Creatively engaging your audience in the ad-blocking era
As the rate of ad-blocking continues to increase, advertisers need to take action to ensure that they still reach their audience. What strategies are available to advertisers? What are the best practices for advertising in this new era? We’re here to explain it all to you.
To advertisers, ad-blocking is a constant threat that keeps them from reaching their target audiences. To users, it’s a necessary tool that allows them to access content on the net, without being bombarded with unwanted ads. Figures show that over 25% of internet users in the US have installed some form of ad-blocking software and the stats are even higher in France and Germany. Users are no longer prepared to accept pop-ups and slow-loading websites because of heavy ads—the era of ad-blocking is upon us.
The ad-blocking user penetration rate in the United States from 2014 to 2021
Not only are users relying more heavily on ad-blockers, but browsers themselves are turning to ad-blocking to ensure websites load quickly and correctly. Users in this day and age aren’t happy to wait longer than 2 seconds for a page to load and 40% will simply abandon that page and surf elsewhere. Hence Google’s decision to develop a Heavy Ad Intervention feature that will unload online ads that consume too many system resources, which include network bandwidth and CPU processing power. For now, this tech is still in development but when it eventually goes live, it could have huge ramifications for advertisers. Learn more about it in our blog post, click here. So what can advertisers do to engage their audiences in this era of ad-blocking?
Use slicker and lighter ads.
First of all, we need to recognize that this is 2020 and we have no excuse to be running heavy, website, speed-sucking ads. Gone are the early days of HTML5; technology now exists that produces lighter ads, which still pack a punch but don’t take ages to load. Nexd, for example, allows advertisers to create beautiful, engaging ads that aren’t overly bloated and bulky. Imagine a full-experience ad that loads in 0.2 seconds, that could be your reality. And the best part is? It can all be done without having to write a single line of code.
Ask yourself, if you’re constantly working with slow, heavy ads, is it really a wonder that users consider blocking them? They’ve got better things to do with their time than to wait for your ads to load. Take our advice, pick up a pair of scissors and trim that ad down. Your audience will thank you for it.
Focus on creativity
Secondly, we as an industry need to come to terms with one point: not all advertising is worth a user’s attention. On average, users are bombarded with over 1,700 banner ads a month, but only see half of them. Consider this hypothetical situation, you walk into town every day and on your way, you pass a salesman pitching double-pane glazing. He calls out to you every time you walk past, asking whether you need new windows. The first time you reply, the second time you ignore him and eventually you change your route into town. It’s the same problem with digital advertising, it’s hardly surprising that some users have had enough and are taking action.
But what if that same salesman didn’t simply call out to you every day; what if he changed his approach and tried to be creative? Well, as advertisers, we are that double-pane glazing salesman and to stem the tide of ad-blocking, we need to wake up and start producing ads that are creative and better engage our audience.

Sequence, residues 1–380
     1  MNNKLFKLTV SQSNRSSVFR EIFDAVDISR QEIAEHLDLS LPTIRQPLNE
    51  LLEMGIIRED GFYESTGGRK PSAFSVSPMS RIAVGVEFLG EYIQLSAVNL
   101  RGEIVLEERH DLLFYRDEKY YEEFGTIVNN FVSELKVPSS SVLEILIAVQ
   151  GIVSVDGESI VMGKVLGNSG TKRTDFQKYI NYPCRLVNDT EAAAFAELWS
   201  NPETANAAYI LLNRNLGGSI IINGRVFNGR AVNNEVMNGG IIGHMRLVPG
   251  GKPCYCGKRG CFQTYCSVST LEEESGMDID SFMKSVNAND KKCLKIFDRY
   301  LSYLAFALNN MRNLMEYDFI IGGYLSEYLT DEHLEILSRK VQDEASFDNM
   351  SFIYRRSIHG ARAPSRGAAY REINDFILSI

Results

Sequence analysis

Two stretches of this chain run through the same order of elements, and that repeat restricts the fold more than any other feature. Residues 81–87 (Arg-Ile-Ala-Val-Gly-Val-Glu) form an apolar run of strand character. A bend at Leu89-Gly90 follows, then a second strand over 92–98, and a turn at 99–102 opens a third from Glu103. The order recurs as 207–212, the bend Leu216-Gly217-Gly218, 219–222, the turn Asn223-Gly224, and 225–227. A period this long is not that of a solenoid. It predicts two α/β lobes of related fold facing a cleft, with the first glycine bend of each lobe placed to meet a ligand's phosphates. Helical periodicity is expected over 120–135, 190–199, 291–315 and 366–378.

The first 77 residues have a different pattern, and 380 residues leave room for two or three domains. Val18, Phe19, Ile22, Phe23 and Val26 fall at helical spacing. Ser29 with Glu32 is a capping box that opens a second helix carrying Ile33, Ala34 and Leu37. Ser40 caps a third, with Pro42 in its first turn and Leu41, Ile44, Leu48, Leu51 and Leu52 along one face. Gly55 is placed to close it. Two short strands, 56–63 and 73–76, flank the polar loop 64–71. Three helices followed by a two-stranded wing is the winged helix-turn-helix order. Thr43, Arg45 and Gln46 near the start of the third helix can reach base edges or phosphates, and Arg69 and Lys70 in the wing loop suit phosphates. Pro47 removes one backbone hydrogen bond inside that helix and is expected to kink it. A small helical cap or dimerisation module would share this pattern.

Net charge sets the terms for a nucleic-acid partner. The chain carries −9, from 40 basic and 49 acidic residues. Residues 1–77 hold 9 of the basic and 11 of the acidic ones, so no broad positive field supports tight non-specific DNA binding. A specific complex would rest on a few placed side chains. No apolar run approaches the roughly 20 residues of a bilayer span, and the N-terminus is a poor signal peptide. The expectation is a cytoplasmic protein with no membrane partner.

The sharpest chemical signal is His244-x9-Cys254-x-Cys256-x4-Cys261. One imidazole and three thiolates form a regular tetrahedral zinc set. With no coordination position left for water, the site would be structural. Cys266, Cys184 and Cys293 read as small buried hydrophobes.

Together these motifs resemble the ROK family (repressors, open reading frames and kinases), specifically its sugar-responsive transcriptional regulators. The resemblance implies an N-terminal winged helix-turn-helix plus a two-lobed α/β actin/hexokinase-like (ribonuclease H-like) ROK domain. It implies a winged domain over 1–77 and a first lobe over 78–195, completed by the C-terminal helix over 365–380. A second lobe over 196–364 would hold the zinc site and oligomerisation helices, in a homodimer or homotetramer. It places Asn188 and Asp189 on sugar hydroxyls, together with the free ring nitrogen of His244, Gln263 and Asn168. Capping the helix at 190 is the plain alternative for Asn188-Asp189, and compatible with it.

Being creative, one might say, is easier said than done. But nowadays that really needn’t be the case, especially with the numerous rich media ad formats available, especially on Nexd’s Campaign Manager. Rich media is ideal for changing users’ minds on advertising—it’s far more engaging than a static ad, supports brand recall, and essentially means that users are less likely to get fed up with your ad by installing an adblocker.
Take advantage of contextual advertising
Finally, it’s helpful to look at what type of ads users find most annoying and therefore want to block. In a survey carried out by eMarketer, one of the least annoying types of ads identified by users is one that is targeted and based on their interests, in other words, contextual advertising.
In a nutshell, contextual advertising means that ads are targeted, based on their subject matter, concerning the content of the viewed web pages. If a person is reading something about cats, they’re likely to purchase some cat food soon. Rather than playing big brother and chasing your audience across the net, you can place helpful, unintrusive ads on a page where your brand belongs.
Although contextual advertising has been around for some time, it was relegated behind the more in vogue, data-driven advertising option for ad planners. But recently, it’s been experiencing a bit of a revival.
With privacy regulations coming into force across the globe and with Google’s recent announcement that third-party cookies will soon be a thing of the past on Chrome, the adtech industry is increasingly looking towards contextual advertising as a key strategy for engaging audiences. Just this week, it was announced that JW Player was teaming up with Oracle Data Cloud to improve its contextual advertising offering.
As the industry faces up to the threat of ad-blocking and privacy regulations, contextual advertising will undoubtedly play a bigger role in future ad campaigns.
Ever keen to keep you up-to-date with best practices in the world of advertising, we’ll be shining the light on different types of contextual advertising trends in the coming weeks, including real-time marketing and location-based advertising. Watch this space for more concrete tips and actionable advice for your advertising campaigns in the ad-blocking era.